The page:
Elephants learn Hindi in two months… Read the interview of Mahout Irshad Ali who understands the language of elephants

Ananya Shroff
7 Min Read
Elephants learn Hindi in two months… Read the interview of Mahout Irshad Ali who understands the language of elephants


Irshad Ali has been a mahout in Dudhwa National Park for the last 30 years. He not only raises elephants, but also trains them and treats them when needed. He has a distinct identity in the department due to his skill in raising orphaned elephants. Recently, the field director also honored him on Environment Day. Prabhat met Irshad Ali with his foster elephants Durga and Gauri in the Gulet forest of South Sonaripur. Here are the highlights of the conversation:

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Q: Tell us about Durga and Gauri, how was the experience of raising them?
Answer:
The forest department found these baby elephants separated from their herd in Najibabad and handed them over to us. We found Durga in 2018. She was three months old. She was badly stung by bees. She needed constant treatment to compensate for the pain of being separated from her mother. In such a situation, the female elephant of our elephant sanctuary, Rupkali, proved to be very helpful. She took care of Durga like a mother. Durga was so big that she could be fed soft fodder. But Gauri, who came in October last year, was very small and also very weak, so she had to be raised on milk only. She is fed a mixture of cow's milk and lactogen eight times a day and five times at night. Like Rupkali, this time Durga also keeps her with her. Yet see that when these baby elephants are grazing around the sanctuary at night, Durga may go to sleep, but the elderly Rupkali always stays awake and guards Gauri. Elephants are very intelligent and sensitive animals, so I think that while keeping them we should take all the precautions that we take for our children at home. They are also children, so sometimes they become stubborn and mischievous. In such a situation, their tantrums have to be tolerated and they have to be explained with love.

Q: How do you train them to make them capable of life in the jungle and other tasks? How much time does it take to teach them?
Answer:
Actually, elephants learn the art of living in the forest by watching other elephants. Just as Durga is raising her trunk in the air and chasing away the flies, Gauri is also patting her trunk in the same manner. Apart from the elephant house, elephants also live together while grazing in the forest. By watching the elders, they get used to the presence of other animals and their reaction to different sounds. They are mainly used for patrolling the forest and taking tourists on a tour and training is required for this. It is enough that they are able to understand the orders and signals of the mahout. During training, we definitely give them something to eat to follow the order, jaggery or bread or something else. The elephant is very intelligent, so it does not take much time to teach it.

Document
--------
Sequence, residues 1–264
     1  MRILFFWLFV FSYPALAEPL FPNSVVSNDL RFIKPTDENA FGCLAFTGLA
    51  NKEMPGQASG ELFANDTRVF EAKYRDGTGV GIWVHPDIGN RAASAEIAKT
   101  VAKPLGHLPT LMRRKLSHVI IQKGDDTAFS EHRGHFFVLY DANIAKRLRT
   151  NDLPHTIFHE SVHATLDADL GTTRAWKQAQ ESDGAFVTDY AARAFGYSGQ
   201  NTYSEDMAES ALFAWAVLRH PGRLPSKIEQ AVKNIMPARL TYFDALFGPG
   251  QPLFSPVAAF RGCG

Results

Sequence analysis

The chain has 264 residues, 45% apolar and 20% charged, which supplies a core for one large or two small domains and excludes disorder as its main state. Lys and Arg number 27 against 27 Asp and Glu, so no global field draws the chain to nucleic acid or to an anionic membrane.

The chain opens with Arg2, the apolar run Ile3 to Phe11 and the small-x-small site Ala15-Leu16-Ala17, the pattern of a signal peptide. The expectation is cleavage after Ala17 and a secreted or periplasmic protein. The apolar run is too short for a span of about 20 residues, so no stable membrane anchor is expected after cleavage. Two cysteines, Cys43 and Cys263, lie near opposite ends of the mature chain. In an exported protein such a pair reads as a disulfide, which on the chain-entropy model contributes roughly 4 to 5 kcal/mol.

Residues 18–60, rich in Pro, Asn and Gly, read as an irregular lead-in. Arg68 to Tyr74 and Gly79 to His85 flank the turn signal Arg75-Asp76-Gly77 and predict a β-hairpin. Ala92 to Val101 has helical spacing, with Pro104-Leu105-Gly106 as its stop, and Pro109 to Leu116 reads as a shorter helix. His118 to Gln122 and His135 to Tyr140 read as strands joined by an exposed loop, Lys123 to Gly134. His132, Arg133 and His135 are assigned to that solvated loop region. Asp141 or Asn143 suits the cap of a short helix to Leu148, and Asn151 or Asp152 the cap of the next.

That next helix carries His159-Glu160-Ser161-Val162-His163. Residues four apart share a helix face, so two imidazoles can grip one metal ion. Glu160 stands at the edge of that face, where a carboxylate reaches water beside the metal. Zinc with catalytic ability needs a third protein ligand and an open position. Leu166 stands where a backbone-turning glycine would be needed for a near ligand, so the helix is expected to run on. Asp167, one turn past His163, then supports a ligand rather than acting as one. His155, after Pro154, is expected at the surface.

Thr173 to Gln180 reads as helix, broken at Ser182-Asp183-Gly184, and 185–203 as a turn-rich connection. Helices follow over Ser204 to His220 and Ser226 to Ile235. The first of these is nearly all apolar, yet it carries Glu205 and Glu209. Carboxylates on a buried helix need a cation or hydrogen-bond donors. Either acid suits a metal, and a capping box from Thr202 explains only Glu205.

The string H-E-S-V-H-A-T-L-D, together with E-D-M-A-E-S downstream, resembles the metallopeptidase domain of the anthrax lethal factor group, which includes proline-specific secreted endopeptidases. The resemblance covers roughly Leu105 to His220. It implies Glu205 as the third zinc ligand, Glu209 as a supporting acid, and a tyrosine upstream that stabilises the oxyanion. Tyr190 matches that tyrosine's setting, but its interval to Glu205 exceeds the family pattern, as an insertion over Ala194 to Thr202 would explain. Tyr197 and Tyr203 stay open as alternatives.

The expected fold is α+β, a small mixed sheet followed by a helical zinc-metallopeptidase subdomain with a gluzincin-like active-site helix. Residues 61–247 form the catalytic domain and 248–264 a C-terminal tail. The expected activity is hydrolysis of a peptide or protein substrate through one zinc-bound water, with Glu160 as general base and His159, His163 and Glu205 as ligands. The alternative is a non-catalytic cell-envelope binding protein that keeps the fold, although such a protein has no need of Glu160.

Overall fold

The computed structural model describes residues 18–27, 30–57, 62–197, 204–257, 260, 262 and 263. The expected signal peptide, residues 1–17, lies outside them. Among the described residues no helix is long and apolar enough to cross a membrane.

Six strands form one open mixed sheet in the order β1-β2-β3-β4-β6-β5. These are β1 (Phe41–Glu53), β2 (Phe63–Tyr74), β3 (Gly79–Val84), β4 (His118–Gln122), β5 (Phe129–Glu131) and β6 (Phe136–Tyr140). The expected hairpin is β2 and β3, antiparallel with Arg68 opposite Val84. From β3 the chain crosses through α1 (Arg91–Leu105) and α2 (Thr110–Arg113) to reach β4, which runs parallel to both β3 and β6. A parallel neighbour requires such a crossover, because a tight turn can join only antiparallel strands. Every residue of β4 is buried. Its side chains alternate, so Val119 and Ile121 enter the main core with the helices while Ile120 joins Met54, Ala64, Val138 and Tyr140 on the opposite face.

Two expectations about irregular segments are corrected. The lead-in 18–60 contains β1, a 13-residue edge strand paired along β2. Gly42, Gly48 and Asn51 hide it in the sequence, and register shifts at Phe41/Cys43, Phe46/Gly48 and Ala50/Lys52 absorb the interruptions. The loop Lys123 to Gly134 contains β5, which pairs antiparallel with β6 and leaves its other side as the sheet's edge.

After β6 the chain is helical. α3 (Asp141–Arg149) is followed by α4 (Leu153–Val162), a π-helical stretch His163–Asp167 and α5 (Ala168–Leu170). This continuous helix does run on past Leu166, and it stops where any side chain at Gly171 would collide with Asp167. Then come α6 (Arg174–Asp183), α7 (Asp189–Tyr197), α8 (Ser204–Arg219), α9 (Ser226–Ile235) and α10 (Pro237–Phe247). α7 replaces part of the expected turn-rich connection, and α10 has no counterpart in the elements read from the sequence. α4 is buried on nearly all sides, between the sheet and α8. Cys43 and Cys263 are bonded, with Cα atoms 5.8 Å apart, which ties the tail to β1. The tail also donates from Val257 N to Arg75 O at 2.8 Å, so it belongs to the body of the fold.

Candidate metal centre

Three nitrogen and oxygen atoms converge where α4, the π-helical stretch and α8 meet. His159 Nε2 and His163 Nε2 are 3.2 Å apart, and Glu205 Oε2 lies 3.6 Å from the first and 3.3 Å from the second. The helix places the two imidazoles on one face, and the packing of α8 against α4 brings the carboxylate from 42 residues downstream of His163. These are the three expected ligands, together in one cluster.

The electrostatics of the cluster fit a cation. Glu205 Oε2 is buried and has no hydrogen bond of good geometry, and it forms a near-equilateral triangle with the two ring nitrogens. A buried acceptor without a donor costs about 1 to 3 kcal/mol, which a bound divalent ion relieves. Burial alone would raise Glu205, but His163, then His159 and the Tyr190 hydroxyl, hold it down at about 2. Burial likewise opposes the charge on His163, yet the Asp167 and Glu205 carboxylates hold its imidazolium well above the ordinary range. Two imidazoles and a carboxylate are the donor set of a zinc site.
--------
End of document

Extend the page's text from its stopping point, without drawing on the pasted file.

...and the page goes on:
Q: You express your gestures in Hindi, so how do you control those ten elephants brought from Karnataka?
Answer:
We did not have to put in a lot of effort. We did face some difficulties initially, but very soon the elephants learnt Hindi. The gestures of the Kannada-speaking mahouts had to be changed to Hindi gestures. They say 'sarak', we say 'pich-hat'. To sit, they say 'baithi' and we say 'sambaith'. The signal to stop in both languages ​​is 'dhat-dhat'. To express displeasure, we scold in a loud voice, the Kannada mahouts say 'aak thu'. It took about two months and they learnt the Hindi gestures.

Q: And how important is the spear that the mahout carries with him?
Answer:
This is just for scaring. It is mostly kept with those elephants that are mischievous. Elephants are afraid of spears, but nobody uses spears here. A gesture is enough. With innocent elephants we only carry a stick. Rupakali is 68 years old. She has been with me for twenty years, but I have never had to use a stick. Elephants respect their mahouts a lot. They understand their voice and roar very well.

Q: How did you learn to take care of elephants yourself?
Answer:
Our elder father Abid Ali was a mahout in Nainital division. After retirement, he started living here with us. I learnt a lot under his guidance – the nature of elephants, their food habits, diseases, medicines and much more. It is not enough to know elephants, it is also very important to know the forest. There are doctors in the forest department, yet the tricks of identifying wild herbs for treatment if needed, saving oneself and the elephant in case of encounter with animals like tiger or rhinoceros come only with experience. But its basic preparation is done only with the advice of elders. Obviously, they have seen more of the world, are more experienced.

Question: When did you come here? How much time do you spend with the elephants? Tell us something about your family too.
Answer:
My father Mukhtar Ali was also a mahout here. After his death, I was recruited in 1994 and since then I am here. I spend day and night with my elephant family. I was never able to give much time to my family and children. Sometimes I reach home in the evening, come home early in the morning or sometimes I go during the day and meet them and come back. Now the children have grown up. One is working in Bangalore after doing B.Tech, the other is still studying. I believe that I got a chance to raise these children, it is a matter of great fortune for me.

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